The mirror reflections of horror are an end in themselves. As such, they beckon the spectator to take them in and thus incorporate into his memory the real face of things too dreadful to be beheld in reality. In experiencing the … litter of tortured human bodies in the film made of the Nazi concentration camps, we redeem horror from its invisibility behind the veils of panic and imagination. And this experience is liberating in as much as it removes a most powerful taboo. Perhaps Perseus’ greatest achievement was not to cut off Medusa’s head but to overcome his fears and look at its reflection in the shield. And was it not precisely this feat which permitted him to behead the monster? (p. 206)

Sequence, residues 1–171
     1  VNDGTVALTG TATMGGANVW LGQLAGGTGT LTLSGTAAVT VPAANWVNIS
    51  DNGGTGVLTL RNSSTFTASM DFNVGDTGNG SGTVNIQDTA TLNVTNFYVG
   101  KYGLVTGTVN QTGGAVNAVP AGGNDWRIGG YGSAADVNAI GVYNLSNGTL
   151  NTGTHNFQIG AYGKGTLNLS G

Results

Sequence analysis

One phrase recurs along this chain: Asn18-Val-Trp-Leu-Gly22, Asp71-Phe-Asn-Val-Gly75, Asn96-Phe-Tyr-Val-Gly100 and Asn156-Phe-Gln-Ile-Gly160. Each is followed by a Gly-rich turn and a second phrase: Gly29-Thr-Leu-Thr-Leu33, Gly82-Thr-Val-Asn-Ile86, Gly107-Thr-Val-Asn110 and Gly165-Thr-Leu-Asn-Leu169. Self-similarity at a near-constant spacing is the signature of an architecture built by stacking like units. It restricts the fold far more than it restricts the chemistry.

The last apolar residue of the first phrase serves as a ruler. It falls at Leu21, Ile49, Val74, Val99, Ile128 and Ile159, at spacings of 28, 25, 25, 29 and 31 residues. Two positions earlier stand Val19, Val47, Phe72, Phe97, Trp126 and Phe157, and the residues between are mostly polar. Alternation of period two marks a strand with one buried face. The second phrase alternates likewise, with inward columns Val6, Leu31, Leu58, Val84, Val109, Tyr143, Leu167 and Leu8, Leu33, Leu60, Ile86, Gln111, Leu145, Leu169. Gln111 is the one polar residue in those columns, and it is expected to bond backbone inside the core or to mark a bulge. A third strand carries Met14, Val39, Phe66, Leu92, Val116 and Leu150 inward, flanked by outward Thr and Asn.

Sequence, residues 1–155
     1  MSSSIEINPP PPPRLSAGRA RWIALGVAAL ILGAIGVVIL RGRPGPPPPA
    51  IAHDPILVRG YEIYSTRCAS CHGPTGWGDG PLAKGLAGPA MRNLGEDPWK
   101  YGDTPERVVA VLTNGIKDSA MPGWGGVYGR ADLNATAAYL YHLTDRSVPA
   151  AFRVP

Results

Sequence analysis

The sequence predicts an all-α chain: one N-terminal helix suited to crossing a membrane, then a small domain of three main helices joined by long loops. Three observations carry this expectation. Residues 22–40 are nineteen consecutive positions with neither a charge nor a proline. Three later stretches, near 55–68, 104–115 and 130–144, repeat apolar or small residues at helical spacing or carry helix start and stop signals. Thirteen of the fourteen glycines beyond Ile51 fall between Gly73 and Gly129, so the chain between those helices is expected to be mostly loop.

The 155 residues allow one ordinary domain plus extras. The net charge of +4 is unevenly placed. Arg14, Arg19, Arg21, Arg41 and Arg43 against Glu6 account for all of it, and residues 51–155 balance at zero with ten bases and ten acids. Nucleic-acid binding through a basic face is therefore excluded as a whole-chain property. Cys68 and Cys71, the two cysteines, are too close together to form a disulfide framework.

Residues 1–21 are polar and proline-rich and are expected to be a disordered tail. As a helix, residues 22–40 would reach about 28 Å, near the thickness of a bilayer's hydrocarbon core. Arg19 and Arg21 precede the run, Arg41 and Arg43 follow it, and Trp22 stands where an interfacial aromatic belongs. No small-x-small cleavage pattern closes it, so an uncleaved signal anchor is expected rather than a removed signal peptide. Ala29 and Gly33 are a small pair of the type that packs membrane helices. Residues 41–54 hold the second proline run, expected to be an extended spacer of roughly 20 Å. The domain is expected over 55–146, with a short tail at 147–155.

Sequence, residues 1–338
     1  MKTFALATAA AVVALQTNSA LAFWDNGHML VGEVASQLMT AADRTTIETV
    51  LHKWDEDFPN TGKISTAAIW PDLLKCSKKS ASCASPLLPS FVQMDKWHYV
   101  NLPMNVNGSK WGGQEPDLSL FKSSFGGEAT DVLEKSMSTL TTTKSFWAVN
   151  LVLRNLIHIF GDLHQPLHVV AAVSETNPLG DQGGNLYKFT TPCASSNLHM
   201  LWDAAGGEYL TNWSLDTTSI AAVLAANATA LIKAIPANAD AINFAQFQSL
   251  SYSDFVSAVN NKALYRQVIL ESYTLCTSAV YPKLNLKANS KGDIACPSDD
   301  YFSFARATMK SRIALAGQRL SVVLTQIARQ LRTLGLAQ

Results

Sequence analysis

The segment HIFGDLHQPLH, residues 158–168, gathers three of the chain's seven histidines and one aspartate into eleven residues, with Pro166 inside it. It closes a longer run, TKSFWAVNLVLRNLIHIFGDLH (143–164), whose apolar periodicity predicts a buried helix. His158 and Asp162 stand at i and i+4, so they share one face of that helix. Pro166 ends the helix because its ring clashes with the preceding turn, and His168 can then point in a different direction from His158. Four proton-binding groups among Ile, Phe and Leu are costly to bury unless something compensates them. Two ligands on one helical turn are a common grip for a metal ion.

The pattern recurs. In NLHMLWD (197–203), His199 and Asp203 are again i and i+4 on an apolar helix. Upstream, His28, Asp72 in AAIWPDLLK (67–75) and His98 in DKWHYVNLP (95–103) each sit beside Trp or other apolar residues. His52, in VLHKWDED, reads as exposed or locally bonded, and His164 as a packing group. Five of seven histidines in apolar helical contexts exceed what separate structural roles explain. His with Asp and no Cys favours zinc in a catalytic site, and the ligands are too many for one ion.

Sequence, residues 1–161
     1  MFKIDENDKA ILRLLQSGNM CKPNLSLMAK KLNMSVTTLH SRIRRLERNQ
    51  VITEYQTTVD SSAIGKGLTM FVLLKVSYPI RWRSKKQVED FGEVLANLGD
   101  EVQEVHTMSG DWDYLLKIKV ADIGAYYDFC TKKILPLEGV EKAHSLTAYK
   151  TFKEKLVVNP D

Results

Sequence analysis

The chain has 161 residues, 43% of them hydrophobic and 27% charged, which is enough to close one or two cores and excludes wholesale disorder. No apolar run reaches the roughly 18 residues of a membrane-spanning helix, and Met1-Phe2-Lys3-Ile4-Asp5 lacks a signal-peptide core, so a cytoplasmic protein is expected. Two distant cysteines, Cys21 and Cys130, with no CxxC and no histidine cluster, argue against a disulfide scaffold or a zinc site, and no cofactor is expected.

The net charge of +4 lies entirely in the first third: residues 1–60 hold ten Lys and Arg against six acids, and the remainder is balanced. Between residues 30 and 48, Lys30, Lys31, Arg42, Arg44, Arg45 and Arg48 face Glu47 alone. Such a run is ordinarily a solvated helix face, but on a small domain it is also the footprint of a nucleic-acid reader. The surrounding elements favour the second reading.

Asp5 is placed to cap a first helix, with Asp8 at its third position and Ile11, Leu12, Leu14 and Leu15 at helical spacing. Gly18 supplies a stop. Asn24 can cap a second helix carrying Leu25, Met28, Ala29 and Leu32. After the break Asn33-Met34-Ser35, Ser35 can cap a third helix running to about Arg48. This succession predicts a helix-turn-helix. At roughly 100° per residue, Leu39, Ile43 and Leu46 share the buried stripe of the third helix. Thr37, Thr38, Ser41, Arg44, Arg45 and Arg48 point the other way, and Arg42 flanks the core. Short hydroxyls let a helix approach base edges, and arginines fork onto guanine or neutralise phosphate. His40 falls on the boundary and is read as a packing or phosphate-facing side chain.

So what does all of this mean? It remains an open question, though we must not neglect the fact that so many of the things that shock us about the modern, rationalised world should not be, in the end, all that surprising.